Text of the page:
First, I would wager that the history of the Senate filibuster is not so golden.  To be sure, it’s tough empirically to separate the passionate let-me-be-heard filibusters from the passionate I-will-block-you or hold-your-agenda-hostage filibusters.  But there’s ample evidence that the golden age of Senate deliberation and debate might have been limited to the  antebellum period.  As Steve Smith and I argued in Politics or Principle?, already by the 1850s Henry Clay and other Senate leaders had advocated debate limits to rein in their colleagues; such limits, they argued, would vastly improve the Senate’s legislative capacity.  This sounds familiar!  To be sure, we should applaud the value and importance of filibusters like Rand Paul’s even in light of the past history of the filibuster. But I think it’s important to keep in mind the reality of that history.

Second, it might be difficult to design a set of procedural reforms that encourage “intensity” filibusters but provide the means of reining in other types of filibusters.  The challenge remains to find the right balance between the protection of extended debate and the promise of eventual Senate action.  Reformers themselves (and political scientists)  disagree about whether and where to draw that line.  Of course, senators at times have written laws that immunize particular policy areas (the budget, trade pacts, war powers act debates, and so on) from filibusters.  Of course, as the fizzling of the nuclear option this winter suggests, even if a majority of the Senate were to agree on how to balance debate and action, they might still disagree on how to achieve it.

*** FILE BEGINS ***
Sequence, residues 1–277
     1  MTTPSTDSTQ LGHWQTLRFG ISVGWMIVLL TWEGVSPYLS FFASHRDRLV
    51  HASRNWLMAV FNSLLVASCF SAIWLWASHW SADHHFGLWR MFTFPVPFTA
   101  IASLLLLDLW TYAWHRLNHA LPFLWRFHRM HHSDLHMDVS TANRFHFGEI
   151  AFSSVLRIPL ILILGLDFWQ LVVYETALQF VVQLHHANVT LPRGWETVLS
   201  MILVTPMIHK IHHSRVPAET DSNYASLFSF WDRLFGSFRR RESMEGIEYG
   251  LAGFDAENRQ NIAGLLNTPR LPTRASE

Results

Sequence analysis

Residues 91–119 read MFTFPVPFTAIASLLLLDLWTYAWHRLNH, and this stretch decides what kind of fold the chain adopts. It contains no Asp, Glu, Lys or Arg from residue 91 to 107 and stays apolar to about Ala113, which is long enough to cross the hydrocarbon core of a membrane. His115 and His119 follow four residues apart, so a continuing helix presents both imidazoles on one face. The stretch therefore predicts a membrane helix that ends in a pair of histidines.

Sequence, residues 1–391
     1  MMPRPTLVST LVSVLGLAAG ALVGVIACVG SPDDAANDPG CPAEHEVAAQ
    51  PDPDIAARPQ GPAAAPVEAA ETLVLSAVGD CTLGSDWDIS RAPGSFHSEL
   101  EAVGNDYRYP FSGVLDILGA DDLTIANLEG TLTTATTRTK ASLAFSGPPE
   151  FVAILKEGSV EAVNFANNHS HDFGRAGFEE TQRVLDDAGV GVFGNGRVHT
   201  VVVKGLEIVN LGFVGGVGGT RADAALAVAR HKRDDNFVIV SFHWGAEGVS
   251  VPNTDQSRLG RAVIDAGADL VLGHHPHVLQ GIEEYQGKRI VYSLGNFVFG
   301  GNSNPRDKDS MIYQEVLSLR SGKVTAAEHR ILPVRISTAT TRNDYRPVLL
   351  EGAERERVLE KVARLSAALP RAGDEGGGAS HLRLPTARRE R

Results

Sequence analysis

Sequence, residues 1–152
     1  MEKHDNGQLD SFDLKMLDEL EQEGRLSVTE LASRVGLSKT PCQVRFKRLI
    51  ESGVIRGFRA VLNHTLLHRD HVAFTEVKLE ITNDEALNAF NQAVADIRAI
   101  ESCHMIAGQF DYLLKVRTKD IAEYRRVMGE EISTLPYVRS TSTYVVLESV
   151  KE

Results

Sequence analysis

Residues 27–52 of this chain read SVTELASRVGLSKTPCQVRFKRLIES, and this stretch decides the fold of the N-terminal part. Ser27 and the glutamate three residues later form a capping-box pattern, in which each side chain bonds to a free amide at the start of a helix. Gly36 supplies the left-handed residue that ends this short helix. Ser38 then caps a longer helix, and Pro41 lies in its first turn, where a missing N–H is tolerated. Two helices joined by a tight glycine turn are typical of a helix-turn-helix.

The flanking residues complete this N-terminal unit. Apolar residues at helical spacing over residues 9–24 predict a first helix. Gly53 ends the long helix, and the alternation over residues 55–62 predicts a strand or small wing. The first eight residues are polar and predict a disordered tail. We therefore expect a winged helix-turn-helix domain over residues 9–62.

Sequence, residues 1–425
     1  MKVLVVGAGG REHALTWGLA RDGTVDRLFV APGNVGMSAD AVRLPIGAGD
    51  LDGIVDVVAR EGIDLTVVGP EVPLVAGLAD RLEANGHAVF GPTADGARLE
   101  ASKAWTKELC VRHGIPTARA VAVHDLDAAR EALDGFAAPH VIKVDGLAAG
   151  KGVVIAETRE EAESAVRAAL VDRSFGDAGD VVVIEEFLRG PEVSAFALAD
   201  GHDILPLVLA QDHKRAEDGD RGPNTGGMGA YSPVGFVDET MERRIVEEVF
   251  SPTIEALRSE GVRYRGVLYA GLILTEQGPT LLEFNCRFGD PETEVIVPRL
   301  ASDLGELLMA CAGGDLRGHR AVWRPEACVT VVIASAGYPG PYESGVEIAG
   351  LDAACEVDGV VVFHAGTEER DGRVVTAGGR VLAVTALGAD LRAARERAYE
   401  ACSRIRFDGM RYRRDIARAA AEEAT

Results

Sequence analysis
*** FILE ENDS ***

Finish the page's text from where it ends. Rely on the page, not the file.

Finally, one might ask whether the contemporary Senate can handle many more of the Rand Paul type filibusters.  What’s the majority’s tolerance for giving over a day’s debate to other passionate senators?  Or more accurately, what’s the majority leader’s tolerance for such debates?

And with those unanswered questions, I’m going back to designing Rand Paul a pair of filibuster-proof shoes.

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Droning on: Thoughts on the Rand Paul “talking filibuster”

Sen. Rand Paul has just completed his nearly thirteen hour filibuster against John Brennan’s nomination to head the CIA.   Breaking off his filibuster (because, he inferred, he had to pee), Rand was heralded for bringing back the “talking filibuster.”  There was much written (and tweeted) about his filibuster, which began with Paul’s dramatic:

“I will speak until I can no longer speak…I will speak as long as it takes, until the alarm is sounded from coast to coast that our Constitution is important, that your rights to trial by jury are precious, that no American should be killed by a drone on American soil without first being charged with a crime, without first being found to be guilty by a court.”

I thought I would add a few late-night thoughts in honor of this day spent with C-Span 2 humming in my ear.